Unregulated Electronic Waste Disposal Is Harming the Environment, Human Health: National Green Tribunal


Jan 20, 2021


Image Credit: Getty

In a recent order, the National Green Tribunal noted that India’s lack of oversight around electronic waste disposal poses a threat to human health as well as the environment and directed the Central Pollution Control Board and State Pollution Control Boards to ensure the scientific management of electronic waste.

The order comes in response to three different applications filed to the tribunal to draw attention to the common and dangerous methods of electronic waste disposal, in violation of the E-Waste (Management) Rules, 2016, framed under the Environment (Protection) Act, 1986.

The tribunal bench noted huge gaps in the compliance of disposal rules for electronic waste and drew attention to both the serious health implications for citizens and the lack of concern from higher authorities. “For petty benefit of retrieving metals [the] poor labor class is engaged in burning electronic wires or other wastes to the detriment of their own health and also the health of others which is not being duly checked by creating awareness,” the bench stated.

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Data from the Central Pollution Control Board states that India generated more than 10 lakh tonnes of e-waste in 2019-20. According to a statement from the environment ministry to the tribunal, 95% of India’s electronic waste is recycled by informal laborers and scrap dealers. They burn or dissolve materials like wires in acids in order to dispose of them and retrieve metal. Burning electronic waste made from materials like copper, brass, zinc, and plastic can release toxic fumes that cause air pollution and severe health problems when inhaled. Unscientific disposal of electronic waste can also lead to soil contamination and groundwater pollution.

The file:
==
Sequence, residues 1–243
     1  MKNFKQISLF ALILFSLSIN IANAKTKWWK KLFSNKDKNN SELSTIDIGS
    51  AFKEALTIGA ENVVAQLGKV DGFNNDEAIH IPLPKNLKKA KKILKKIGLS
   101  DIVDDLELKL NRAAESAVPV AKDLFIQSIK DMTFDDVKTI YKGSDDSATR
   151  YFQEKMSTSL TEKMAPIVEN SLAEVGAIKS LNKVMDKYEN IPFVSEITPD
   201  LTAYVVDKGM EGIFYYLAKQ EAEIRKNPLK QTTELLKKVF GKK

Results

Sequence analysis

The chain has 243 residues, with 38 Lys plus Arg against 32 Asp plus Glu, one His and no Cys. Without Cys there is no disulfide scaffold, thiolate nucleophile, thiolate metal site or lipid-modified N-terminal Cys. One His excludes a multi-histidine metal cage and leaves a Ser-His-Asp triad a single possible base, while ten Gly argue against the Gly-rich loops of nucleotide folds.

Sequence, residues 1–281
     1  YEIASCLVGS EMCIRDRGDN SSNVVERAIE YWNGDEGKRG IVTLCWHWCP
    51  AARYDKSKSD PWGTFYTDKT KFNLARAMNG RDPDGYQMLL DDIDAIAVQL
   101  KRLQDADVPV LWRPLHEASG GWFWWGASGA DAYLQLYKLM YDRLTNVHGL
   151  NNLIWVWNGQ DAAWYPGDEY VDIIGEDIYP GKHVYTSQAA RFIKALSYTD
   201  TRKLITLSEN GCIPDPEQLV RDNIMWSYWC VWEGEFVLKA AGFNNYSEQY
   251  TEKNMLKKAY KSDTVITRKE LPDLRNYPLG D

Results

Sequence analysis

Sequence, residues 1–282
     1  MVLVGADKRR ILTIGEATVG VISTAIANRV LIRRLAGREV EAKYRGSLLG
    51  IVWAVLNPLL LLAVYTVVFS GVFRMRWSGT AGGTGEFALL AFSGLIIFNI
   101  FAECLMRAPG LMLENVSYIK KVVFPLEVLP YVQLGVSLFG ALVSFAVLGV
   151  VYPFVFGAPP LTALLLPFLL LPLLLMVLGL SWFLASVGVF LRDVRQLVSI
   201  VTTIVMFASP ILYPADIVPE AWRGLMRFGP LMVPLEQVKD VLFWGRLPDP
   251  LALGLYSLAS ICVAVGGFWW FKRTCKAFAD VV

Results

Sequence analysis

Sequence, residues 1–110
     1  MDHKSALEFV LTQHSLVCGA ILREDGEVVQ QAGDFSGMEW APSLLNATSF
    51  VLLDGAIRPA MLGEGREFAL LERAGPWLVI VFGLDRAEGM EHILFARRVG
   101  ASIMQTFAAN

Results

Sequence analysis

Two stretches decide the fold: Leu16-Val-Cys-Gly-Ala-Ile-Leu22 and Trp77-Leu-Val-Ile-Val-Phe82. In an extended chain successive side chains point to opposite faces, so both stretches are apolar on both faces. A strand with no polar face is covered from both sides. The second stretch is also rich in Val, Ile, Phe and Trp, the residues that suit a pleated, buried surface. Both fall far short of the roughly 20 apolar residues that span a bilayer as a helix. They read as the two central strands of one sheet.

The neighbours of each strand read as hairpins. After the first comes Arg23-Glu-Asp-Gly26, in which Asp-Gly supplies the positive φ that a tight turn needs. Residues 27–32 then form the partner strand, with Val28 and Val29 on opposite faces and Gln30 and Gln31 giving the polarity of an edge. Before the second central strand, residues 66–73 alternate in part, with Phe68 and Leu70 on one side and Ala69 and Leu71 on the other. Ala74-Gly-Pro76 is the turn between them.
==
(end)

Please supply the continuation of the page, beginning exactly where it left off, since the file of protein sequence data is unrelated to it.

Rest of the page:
The bench stated, “Environmental crimes are as serious, if not more, as cases of assaults, but there is no adequate action. … Unfortunately, it appears that violation of environmental law is not the priority. Such neglect can prove very costly.”


Written By Aditi Murti

Aditi Murti is a culture writer at The Swaddle. Previously, she worked as a freelance journalist focused on gender and cities. Find her on social media @aditimurti.


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